Consumer Rights & Corporate Accountability – Staging

Transparency is central to a just food system. When corporations raise our food in a way that abuses workers, communities, and our environment – and when our government funds that abuse – we need to know about it in order to demand change.


However, the agriculture industry intentionally deceives consumers. Big Ag paints a false picture about how our food is grown and processed – and prevents whistleblowers from exposing the truth. Meanwhile, the government obscures the extent to which they prop up the industry.


Through our litigation, we protect consumers’ right to know the truth behind their food and hold the government and corporations accountable.

Exposing Corporate Lies

Consumers deserve to know the truth behind how their food was produced. Increasingly, consumers want to purchase safe and ethical goods. For example, since COVID-19 spread so rampantly among food chain workers, consumers have become increasingly concerned with the safety of workers who grow, process, and deliver their food. While the ‘vote with your dollar’ paradigm is not the only solution to a food system that needs fundamental system change, it is an important piece of the puzzle. When consumers buy meat that was regeneratively raised, they support the farmers and meatpackers who are paving the way towards a just and ecologically sustainable food system.

However, the meat industry exploits consumers’ desires to purchase ethically. Companies like Hormel and Smithfield portray an image of animals raised humanely, processed by workers treated with dignity. This would be great if it were true – but it‘s not. When companies make false claims about their products, it deceives consumers and prevents them from having the information they need to make the best choices.

That’s why we are suing Smithfield for lying to consumers about worker protections. Meatpacking workers were hit hard by the pandemic as a result of unsafe working conditions: they were forced to work shoulder-to-shoulder on crowded processing lines, unable to access appropriate sick leave, and lacked adequate personal protective equipment. Nearly 60,000 meatpacking workers contracted the deadly virus – a total much higher than original estimated.

While workers were gravely endangered, Smithfield claimed it was aggressively protecting them. This was not the case. Our lawsuit representing Food & Water Watch alleges that Smithfield Foods repeatedly lied to consumers throughout the COVID-19 pandemic so it could protect its bottom line—at the expense of its workers’ lives. The company also falsely claimed that meat shortages were imminent, while increasing exports and maintaining freezers full of meat.

Hormel Foods, another meat corporation, similarly takes advantage of consumers’ desires to consume ethically. Hormel markets its “Natural Choice®” products as “100% Natural” and “All-Natural.” Taking advantage of consumers’ beliefs that “natural” meat means raised sustainably. However, we discovered that Hormel’s “natural” products are anything but, coming from animals raised in the worst factory farms and including additives, hormones, and antibiotics. On behalf of Animal Legal Defense Fund, we are suing Hormel for misleading consumers.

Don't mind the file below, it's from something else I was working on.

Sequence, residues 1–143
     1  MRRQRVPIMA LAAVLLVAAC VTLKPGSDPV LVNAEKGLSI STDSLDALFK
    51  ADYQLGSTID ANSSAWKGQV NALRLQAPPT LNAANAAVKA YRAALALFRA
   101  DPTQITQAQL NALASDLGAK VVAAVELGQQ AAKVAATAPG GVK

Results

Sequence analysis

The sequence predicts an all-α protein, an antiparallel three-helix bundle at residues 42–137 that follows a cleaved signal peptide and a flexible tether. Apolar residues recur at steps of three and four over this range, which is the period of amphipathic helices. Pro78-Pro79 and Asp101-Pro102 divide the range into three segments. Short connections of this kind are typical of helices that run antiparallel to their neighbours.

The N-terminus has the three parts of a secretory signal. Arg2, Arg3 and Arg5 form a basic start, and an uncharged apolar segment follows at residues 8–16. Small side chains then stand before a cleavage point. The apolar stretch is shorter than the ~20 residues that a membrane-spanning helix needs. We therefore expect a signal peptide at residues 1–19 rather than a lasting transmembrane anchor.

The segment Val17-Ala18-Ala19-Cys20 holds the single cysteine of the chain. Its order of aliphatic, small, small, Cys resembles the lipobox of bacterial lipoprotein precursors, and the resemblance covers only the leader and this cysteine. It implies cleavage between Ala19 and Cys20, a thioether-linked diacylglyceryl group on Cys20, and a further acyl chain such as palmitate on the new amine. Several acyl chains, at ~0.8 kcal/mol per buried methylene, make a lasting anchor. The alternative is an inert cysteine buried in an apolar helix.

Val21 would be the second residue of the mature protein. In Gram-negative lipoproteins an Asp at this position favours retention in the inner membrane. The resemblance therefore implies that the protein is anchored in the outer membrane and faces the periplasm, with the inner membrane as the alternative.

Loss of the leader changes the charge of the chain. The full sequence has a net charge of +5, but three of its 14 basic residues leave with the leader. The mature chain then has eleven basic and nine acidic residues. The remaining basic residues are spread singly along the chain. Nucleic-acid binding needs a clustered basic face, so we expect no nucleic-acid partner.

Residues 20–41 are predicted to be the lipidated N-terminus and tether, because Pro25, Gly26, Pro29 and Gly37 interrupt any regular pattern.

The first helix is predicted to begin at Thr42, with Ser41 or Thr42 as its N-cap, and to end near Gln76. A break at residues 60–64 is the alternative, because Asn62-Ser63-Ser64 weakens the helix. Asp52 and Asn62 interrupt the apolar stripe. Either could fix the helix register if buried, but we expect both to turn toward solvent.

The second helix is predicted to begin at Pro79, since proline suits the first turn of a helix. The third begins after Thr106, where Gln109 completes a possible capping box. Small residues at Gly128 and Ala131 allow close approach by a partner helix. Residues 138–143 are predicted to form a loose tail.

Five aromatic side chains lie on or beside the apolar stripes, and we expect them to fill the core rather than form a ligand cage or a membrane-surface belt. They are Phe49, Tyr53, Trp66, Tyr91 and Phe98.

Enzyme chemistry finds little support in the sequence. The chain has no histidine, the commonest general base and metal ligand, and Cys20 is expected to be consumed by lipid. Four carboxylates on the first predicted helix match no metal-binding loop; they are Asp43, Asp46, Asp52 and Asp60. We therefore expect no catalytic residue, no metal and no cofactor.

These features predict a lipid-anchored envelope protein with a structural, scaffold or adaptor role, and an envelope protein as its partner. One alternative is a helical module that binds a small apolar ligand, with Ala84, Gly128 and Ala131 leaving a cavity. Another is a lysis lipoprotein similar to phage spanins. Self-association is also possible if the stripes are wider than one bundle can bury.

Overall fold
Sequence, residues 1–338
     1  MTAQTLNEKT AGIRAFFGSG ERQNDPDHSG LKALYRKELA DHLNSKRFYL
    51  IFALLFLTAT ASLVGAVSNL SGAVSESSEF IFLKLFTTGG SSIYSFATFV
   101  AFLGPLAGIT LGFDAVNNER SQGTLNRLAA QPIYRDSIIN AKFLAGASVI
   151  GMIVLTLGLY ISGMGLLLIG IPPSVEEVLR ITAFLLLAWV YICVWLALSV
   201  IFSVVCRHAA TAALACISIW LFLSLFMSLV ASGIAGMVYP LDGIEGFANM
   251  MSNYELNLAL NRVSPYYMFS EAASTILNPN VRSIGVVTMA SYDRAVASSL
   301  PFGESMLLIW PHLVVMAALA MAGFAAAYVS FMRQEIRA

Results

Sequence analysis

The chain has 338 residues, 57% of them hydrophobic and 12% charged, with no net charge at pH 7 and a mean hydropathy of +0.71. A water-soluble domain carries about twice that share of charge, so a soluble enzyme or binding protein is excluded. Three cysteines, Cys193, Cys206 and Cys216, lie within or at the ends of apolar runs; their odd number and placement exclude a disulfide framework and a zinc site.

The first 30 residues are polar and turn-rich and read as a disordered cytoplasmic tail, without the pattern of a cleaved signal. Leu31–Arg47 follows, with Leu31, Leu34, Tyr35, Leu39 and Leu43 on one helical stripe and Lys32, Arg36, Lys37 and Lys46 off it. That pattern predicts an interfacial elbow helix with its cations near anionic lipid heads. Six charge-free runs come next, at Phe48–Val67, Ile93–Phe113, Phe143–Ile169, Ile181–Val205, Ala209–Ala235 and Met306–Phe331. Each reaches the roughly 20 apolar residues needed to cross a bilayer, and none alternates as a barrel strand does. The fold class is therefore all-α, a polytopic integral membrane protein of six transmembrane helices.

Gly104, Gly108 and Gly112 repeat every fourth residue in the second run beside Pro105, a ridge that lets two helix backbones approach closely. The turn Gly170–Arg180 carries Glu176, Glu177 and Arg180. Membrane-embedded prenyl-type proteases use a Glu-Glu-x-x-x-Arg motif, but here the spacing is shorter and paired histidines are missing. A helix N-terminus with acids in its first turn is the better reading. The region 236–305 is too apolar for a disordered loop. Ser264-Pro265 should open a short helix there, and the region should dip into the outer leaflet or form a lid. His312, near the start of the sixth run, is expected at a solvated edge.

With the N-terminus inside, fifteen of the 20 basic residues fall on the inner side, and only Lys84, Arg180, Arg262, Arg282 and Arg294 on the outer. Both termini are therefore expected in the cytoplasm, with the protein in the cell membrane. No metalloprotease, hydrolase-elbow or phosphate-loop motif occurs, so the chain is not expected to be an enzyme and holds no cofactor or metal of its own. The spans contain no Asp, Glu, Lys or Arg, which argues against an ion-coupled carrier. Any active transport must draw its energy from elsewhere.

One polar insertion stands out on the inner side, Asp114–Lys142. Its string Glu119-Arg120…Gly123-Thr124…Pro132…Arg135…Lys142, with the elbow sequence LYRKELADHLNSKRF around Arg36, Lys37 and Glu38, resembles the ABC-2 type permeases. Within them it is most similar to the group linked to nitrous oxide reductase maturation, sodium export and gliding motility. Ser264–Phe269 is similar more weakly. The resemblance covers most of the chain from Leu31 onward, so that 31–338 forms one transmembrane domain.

Holding Government Accountable

We need a government of, by, and for the people – one that prioritizes people’s health over corporate profit. However, the US government uses taxpayer dollars to prop up factory farming – a system that hurts communities, workers, and consumers. In order to hold the government accountable to serving people and not multinational corporations, the public needs to know just how much taxpayer money subsidizes abusive business.

Alongside a group of farm advocacy organizations, we have been requesting information from the Farm Service Agency regarding federal subsidies to farms under the Freedom of Information Act (FOIA). FOIA requires federal agencies to make requested documents and data available to the public. However, the documents FSA produced were either delayed or heavily redacted, hiding just how much government funding went to propping up factory farms. That’s why, alongside a group of animal, environmental, and food advocacy organizations, we are suing the FSA for its pattern and practice of withholding vital information from the public.

Protecting Whistleblowers

Widely shared information about how our food is raised helps us hold corporations and government accountable. However, since the 1990s, Big Ag has campaigned to pass “Ag-Gag” laws in states across the country – laws that penalize whistleblowers for exposing the worker, environmental, and animal abuse that happens behind the closed doors of factory farms and slaughterhouses. There’s a reason that the agriculture industry expends immense time and resources to pass Ag-Gag laws: to escape accountability. If the public and consumers knew the truth behind meat in the grocery store aisles, they would not stand for it.

Public Justice engages in litigation to strike down these unconstitutional and pernicious Ag-Gag laws that stand in the way of a just food system. With ten lawsuits spanning seven states, Public Justice is protecting the rights of whistleblowers and union organizers to expose human rights and animal abuses for the benefit of consumers, workers, and rural communities alike.

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